Though Apple makes significantly more — $167 billion in 2018 — from the sale of the iPhone, as people hold on to their devices longer, services like TV+ will be key to ensuring Apple ecosystem loyalty. "There's a lot at stake," notes Wedbush analyst Daniel Ives. "TV+ is going to play a major role in them further monetizing their 900 million iPhone users. The next leg of growth for Apple is going to be services." Apple declined to participate in this story.


Drive down Washington Boulevard through Culver City and it becomes clear Apple is taking its entertainment pursuit seriously. Construction is underway on a sleek, glass-enclosed office building that will house Erlicht and Van Amburg's Worldwide Video team, which will make up a significant portion of the 1,000 or so workers Apple expects to employ in the neighborhood by 2021.

Historically, when Apple enters a new industry, it doesn't do so tepidly. When it launched iTunes in 2001, it struck deals with every major music label and, eventually, revolutionized the way people bought and listened to music. Now, for TV+, it has struck deals with A-list creators including Oprah Winfrey, Alfonso Cuarón, Justin Lin and Jason Katims. Echoing an industrywide push to own the content you distribute, on Oct. 11 Apple announced plans to launch an in-house studio (Masters of the Air, a third installment in the Band of Brothers saga, will mark its first wholly owned show).

"They didn't step in halfway," says CAA TV agent Sonya Rosenfeld of Apple's entertainment ambitions. "They were smart to hire people who have spent their careers at the center of the TV business, and they didn't stutter start."

By several accounts, the company already has well outspent its initially projected $1 billion annual content budget. Morning Show alone costs $15 million an episode for a total of $300 million for two seasons, per sources, due in large part to the $2 million-an-episode fees that Witherspoon and Aniston negotiated. (Their deals are said to be even higher with producing fees and ownership points.) See also is expensive, with sources estimating $240 million for two seasons. These costs are at the high end of premium streaming but represent pocket change for Apple.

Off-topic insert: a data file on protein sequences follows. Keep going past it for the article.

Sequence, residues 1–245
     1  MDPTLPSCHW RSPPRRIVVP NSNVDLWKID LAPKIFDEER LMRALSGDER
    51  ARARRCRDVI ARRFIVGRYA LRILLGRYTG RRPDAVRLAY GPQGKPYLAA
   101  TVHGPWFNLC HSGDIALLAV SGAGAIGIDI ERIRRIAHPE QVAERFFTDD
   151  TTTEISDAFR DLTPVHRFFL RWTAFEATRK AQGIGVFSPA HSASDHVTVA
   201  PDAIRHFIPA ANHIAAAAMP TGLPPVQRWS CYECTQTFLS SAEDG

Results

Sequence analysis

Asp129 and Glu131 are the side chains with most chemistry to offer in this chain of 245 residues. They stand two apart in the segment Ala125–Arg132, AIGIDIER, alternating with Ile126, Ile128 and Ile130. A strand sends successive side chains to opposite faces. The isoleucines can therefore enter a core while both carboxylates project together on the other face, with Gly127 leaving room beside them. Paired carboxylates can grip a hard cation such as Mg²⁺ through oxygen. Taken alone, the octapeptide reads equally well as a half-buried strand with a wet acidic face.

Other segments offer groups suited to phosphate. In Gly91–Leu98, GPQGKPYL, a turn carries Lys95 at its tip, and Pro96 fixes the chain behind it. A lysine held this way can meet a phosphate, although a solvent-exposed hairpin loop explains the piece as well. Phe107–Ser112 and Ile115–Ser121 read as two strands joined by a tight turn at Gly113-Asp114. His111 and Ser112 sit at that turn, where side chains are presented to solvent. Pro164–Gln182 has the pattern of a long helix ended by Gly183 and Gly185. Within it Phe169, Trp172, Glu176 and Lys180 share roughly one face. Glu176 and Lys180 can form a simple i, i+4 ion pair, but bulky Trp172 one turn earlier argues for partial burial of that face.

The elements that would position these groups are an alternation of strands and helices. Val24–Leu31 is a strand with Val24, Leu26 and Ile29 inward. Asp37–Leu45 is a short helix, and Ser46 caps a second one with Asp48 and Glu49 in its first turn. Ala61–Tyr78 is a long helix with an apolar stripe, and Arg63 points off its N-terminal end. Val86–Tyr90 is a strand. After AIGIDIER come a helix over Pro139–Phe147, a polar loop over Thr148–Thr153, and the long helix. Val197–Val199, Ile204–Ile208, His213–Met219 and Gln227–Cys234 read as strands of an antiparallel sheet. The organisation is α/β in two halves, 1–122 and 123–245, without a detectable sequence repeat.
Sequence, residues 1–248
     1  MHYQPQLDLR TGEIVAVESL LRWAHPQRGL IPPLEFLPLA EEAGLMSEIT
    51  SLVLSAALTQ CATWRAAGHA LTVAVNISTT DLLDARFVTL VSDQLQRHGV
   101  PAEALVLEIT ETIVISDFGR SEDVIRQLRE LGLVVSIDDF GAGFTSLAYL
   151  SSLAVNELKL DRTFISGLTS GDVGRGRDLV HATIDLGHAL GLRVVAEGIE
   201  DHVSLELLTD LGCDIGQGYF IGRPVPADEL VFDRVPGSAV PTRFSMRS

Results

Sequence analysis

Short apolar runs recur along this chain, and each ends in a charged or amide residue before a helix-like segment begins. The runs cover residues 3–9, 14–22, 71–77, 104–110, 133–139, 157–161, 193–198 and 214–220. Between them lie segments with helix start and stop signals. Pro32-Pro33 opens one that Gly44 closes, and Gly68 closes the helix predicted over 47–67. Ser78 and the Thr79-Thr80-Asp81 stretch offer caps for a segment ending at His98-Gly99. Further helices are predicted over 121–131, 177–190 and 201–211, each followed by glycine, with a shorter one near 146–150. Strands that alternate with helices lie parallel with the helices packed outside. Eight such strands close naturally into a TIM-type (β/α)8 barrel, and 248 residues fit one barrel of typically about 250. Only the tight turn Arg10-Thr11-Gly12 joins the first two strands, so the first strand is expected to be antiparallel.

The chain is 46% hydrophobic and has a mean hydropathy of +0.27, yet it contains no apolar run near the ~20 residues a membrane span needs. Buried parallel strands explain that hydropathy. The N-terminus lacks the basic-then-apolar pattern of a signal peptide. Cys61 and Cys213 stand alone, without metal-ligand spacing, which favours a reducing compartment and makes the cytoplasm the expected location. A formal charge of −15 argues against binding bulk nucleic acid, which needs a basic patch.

As if to show off just how much cash the $1 trillion company has, execs are offering every AppleTV+ showrunner and series regular a free Apple product and have dispatched representatives to the sets of shows including Dickinson to take orders from talent on which style iPhone or iPad they'd prefer.

But the gifts haven't exactly made up for the regular Apple presence on some sets, where sources say development executives have been hands-on with ensuring that each show fits the Apple brand. While the company isn't imposing strict family-friendly guidelines — early episodes of Morning Show feature the heavy use of F-bombs — the understanding is that explicit content must be in service of the storyline and all projects should, ultimately, mesh with Apple's aspirational brand identity. (According to a recent BuzzFeed News report, the company also pressured creators not to portray China negatively to avoid angering the authorities.)

The corporate meddling has led to some creative differences. During early development of Amazing Stories, Fuller and Hanson received pushback from both Apple and studio Universal Television over what sources describe as their vision for an edgy, high-concept anthology. (One story would have followed a crazy cat lady murdered by her feline friends.) Though the show was meant to be part of Apple's launch slate, the departure of the producers delayed the project. Apple, interested in a more aspirational version of the show, opted to bring on Once Upon a Time duo Edward Kitsis and Adam Horowitz.